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ruben-ayrapetyan Jul 5, 2017

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@jkotas,

We have performed initial comparison of CoreCLR and CoreRT from viewpoint of memory consumption on benchmarks from http://benchmarksgame.alioth.debian.org.

The initial measurements show that CoreCLR consumes approximately 41% more memory on average than CoreRT and is approximately 4% slower (x64 release build).

Particularly, binary-trees benchmark (http://benchmarksgame.alioth.debian.org/u64q/program.php?test=binarytrees&lang=csharpcore&id=5) shows the following:
Peak Rss on CoreCLR is about 1.5 gigabytes
Peak Rss on CoreRT is about 1 gigabyte
Running time on CoreCLR is about 46.7 seconds
Running time on CoreRT is about 29.6 seconds

As far as we currently see, the difference in memory consumption is mostly related to differences in GC heuristics.
Particularly, we could reduce memory consumption of CoreCLR on binary-trees by about 2 times through invoking GC more frequently.

Do we see correctly that the main cause of the difference is related to GC?
Could you, please, clarify what are the differences in GC between CoreRT and CoreCLR?

cc @lemmaa @egavrin @Dmitri-Botcharnikov @sergign60 @BredPet @gbalykov @kvochko

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ruben-ayrapetyan commented Jul 5, 2017

@jkotas,

We have performed initial comparison of CoreCLR and CoreRT from viewpoint of memory consumption on benchmarks from http://benchmarksgame.alioth.debian.org.

The initial measurements show that CoreCLR consumes approximately 41% more memory on average than CoreRT and is approximately 4% slower (x64 release build).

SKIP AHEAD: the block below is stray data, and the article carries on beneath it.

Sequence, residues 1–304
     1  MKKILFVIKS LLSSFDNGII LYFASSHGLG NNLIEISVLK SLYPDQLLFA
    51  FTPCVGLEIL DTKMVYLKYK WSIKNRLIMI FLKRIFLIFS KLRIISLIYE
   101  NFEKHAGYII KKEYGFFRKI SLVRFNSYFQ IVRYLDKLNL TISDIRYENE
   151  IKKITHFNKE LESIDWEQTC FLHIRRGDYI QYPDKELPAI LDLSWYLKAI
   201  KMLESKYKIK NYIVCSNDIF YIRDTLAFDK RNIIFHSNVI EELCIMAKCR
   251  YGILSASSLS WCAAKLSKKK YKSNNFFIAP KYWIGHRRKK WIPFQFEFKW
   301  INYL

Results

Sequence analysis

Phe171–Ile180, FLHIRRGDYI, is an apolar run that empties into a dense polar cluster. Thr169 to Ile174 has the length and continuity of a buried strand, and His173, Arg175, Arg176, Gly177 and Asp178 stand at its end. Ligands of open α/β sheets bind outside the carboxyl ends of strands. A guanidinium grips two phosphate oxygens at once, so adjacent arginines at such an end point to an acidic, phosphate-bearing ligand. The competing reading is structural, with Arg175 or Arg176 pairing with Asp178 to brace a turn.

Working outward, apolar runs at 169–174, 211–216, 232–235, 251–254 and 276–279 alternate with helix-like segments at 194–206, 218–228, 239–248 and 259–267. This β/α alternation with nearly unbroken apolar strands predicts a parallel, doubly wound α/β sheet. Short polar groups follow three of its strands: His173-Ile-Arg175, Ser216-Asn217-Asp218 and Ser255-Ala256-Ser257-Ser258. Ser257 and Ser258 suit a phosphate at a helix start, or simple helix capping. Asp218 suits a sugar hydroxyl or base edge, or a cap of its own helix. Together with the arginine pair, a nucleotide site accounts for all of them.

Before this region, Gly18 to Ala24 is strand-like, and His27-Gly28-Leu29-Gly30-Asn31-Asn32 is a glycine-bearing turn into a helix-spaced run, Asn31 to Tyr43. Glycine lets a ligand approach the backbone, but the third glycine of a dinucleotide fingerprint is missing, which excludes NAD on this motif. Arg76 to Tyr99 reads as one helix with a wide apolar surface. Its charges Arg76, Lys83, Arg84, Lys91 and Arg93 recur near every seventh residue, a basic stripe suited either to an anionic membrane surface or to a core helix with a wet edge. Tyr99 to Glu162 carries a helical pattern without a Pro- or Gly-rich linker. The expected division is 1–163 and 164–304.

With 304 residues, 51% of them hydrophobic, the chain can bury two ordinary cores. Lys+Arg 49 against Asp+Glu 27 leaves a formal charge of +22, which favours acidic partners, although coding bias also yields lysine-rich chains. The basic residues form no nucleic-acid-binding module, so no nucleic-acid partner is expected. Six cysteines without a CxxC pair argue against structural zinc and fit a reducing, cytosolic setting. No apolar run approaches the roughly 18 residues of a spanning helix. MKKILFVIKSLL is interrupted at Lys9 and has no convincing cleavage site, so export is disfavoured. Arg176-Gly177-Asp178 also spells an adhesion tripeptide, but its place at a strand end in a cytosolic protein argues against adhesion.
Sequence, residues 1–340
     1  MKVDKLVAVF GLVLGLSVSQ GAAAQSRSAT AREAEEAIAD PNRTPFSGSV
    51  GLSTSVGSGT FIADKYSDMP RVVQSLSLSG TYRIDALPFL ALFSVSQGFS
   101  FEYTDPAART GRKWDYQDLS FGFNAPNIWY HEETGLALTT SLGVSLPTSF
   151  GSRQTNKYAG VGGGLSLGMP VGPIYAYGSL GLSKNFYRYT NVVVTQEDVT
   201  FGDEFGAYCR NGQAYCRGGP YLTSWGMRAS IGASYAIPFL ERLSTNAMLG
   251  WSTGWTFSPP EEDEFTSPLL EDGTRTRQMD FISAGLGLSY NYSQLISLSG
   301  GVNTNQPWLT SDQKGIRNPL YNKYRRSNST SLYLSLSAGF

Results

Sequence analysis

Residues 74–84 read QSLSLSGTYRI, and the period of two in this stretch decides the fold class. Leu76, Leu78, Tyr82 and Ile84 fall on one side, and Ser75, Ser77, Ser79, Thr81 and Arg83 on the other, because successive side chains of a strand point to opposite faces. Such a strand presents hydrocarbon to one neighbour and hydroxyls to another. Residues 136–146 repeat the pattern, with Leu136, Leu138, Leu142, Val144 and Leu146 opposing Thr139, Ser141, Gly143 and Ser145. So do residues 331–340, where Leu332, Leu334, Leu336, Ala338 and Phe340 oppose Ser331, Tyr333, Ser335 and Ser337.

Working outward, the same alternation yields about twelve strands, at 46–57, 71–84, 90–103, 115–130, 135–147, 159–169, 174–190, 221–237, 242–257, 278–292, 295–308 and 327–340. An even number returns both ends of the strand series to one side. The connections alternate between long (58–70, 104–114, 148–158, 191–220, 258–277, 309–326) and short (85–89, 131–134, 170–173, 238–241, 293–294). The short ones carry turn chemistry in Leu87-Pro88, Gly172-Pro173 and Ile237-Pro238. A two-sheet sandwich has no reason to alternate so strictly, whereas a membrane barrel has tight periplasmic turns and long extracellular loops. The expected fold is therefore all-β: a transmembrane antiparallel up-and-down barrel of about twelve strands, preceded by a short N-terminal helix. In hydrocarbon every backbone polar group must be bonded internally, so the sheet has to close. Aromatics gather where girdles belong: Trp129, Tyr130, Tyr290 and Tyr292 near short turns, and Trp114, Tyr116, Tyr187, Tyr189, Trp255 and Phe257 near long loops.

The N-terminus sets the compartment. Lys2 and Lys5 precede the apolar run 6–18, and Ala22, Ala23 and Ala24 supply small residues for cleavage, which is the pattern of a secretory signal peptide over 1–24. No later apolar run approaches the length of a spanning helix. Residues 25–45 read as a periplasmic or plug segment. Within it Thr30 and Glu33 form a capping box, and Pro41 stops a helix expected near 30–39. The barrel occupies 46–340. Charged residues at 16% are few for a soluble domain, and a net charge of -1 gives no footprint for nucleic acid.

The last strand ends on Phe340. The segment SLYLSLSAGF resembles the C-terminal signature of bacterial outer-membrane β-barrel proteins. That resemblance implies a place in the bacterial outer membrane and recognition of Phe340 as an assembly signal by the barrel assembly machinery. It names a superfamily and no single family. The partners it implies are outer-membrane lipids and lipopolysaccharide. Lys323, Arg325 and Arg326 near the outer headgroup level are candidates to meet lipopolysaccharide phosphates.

Particularly, binary-trees benchmark (http://benchmarksgame.alioth.debian.org/u64q/program.php?test=binarytrees&lang=csharpcore&id=5) shows the following:
Peak Rss on CoreCLR is about 1.5 gigabytes
Peak Rss on CoreRT is about 1 gigabyte
Running time on CoreCLR is about 46.7 seconds
Running time on CoreRT is about 29.6 seconds

As far as we currently see, the difference in memory consumption is mostly related to differences in GC heuristics.
Particularly, we could reduce memory consumption of CoreCLR on binary-trees by about 2 times through invoking GC more frequently.

Do we see correctly that the main cause of the difference is related to GC?
Could you, please, clarify what are the differences in GC between CoreRT and CoreCLR?

cc @lemmaa @egavrin @Dmitri-Botcharnikov @sergign60 @BredPet @gbalykov @kvochko

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egavrin Jul 5, 2017

As far as we currently see, the difference in memory consumption is mostly related to differences in GC heuristics.

Unfortunately, it does not explain why we see performance improvements on memory intensive benchmarks like binary-trees or spectral-norm.